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Ballet Folklorico: New Program is a Hit among South Coast Kids and Their Parents

Updated: Feb 16, 2022

Published: October 11, 2016

“Uno, dos, tres y cuatro. Una vez más!”

If you end up near the Pescadero Elementary School on a Monday evening, as you approach the building you will hear the booming voice of Maestro Zenon Barron as he leads the Ballet Folklorico class, counting and showing his young students the steps. Barron commands the rapt attention of his young pupils, while their parents stand by quietly and watch. Many of the adults remember doing the exact dances in their childhood. They watch with pride. When the parents are asked what they like about the class, one of the moms responds, “I like that he is strict.” The other parents nod.

On September 19, 2016, Puente, ALAS (Ayudando Latinos a Soñar – Helping Latinos Dream) Tonantzin and Pescadero Elementary school launched a Ballet Folklorico class for children ages 6 to 17. Every Monday after school, over 30 children stay and dance Ballet Folklorico at the school. The dancing is not only fun; it gets these young students moving and excited all while listening to music. Most importantly, these students are gaining confidence to perform in front of a crowd.

As Erica Hays, principal of Pescadero Elementary School says, “I’ve been excited to see how many students of all ages are participating in the folklorico classes. There has been a lot of enthusiasm for it. One goal of our after school program is to provide enrichment activities for the children and this is a great opportunity for them.”

Barron has danced professionally for over 30 years. His dance background is impressive and includes experience studying under Amelia Hernandez. He graduated from the Instituto Nacional de Bellas Artes, the premier art academy in Mexico City. Zenon’s creativity and passion for teaching dance is boundless. He also designs the beautiful and elaborate wardrobe for Tonantzin. Creating a wardrobe for the dancers is another aspect of this program. Some of the parents are already excited about making the skirts and finding ways to bring other community members to help in sewing and designing.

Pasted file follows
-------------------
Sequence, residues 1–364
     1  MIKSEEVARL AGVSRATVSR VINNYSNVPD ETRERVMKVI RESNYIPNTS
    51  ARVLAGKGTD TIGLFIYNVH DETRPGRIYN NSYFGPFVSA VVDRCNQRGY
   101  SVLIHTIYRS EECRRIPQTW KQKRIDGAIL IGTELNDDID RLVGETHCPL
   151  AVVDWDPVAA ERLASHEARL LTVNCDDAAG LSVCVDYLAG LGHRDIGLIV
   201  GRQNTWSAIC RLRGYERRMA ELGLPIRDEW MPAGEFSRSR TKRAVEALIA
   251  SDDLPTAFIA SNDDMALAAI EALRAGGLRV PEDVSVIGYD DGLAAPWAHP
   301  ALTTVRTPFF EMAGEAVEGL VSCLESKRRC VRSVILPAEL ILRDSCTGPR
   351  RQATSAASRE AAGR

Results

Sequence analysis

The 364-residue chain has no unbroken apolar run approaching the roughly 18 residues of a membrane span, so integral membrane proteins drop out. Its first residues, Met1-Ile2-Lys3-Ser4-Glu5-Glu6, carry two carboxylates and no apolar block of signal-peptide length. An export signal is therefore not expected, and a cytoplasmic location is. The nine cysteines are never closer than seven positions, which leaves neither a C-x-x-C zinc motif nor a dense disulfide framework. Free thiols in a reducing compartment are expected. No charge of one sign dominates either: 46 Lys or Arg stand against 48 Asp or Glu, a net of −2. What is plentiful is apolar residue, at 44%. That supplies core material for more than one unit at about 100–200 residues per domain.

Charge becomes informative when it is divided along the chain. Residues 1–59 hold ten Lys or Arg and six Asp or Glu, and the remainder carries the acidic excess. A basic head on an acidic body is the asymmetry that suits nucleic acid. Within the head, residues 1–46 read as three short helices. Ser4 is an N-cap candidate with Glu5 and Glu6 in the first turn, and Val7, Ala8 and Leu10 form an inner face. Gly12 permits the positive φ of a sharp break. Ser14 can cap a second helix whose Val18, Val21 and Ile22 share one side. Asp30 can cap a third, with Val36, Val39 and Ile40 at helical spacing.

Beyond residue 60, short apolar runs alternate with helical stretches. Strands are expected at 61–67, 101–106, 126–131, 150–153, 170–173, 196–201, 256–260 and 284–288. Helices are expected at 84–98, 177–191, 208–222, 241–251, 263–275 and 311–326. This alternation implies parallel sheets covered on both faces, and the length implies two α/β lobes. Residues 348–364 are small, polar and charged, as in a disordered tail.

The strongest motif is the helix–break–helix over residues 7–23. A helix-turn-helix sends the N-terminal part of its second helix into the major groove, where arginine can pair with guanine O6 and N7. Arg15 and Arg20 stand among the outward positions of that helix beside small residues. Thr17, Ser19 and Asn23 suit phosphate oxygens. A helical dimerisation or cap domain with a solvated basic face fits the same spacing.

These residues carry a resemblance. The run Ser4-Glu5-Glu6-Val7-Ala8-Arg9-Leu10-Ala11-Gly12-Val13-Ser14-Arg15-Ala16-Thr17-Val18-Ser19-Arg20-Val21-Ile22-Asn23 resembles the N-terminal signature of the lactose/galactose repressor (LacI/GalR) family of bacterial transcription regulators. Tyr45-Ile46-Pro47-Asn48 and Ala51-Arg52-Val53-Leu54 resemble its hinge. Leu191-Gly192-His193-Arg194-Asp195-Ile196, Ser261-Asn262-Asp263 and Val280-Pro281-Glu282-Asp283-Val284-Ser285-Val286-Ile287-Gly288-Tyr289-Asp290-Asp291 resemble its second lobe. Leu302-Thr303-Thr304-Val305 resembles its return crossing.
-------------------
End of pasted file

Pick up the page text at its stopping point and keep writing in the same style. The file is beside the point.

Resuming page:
Belinda Arriaga, from ALAS in Half Moon Bay, is thrilled to be collaborating to bring Ballet Folklorico to Pescadero. Ballet Folklorico is one of Puente’s newest programs for children and families. “As an organization, we are always finding ways to bring our community together,” says Rita Mancera, Executive Director of Puente. “This is a great example of bridging the students’ experiences with that of their parents. Many of the mothers remember dancing folklorico when they were young, including me.”

The class is open to everyone, which is a key component of the Puente vision to bring communities together. For some students this creates an opportunity to learn about a new culture through dance. For others, to connect with the traditions of their parents. The class starts with simple stretches to warm up. A short sequence of steps is demonstrated by Barron. Once he determines that his students are ready, he starts the music. The students move across the room cheerfully. You can see the smiles on their faces. The music is catchy and as an observer, you can’t help but tap along.

Barron explains, “What I like best about my career as a dance instructor is ultimately working with the children because I consider it the perfect age to develop and nurture their creativity.”

“I believe that through dance, younger students can develop a sensibility for artistry that will make allow them to develop into successful human beings,” remarks Barron.

Puente aims to nurture and grow this program in collaboration with the students’ parents. Similar to the Día de los Muertos workshop this year, leadership will come from the community and will be supported by Puente. Parents will help make the beautiful wardrobe, including colorful skirts, worn during student performances. Another important component is that the parents will be responsible for fundraising—families will solicit donations to keep the program going over the coming years, for the dancers’ wardrobe and for other supplies.

The excitement over these classes is evident. The moms and dads watch with pride as their children dance and learn the choreography. They tap and nod their heads to the music. The best part is that the students look happy and excited—they are truly having fun.


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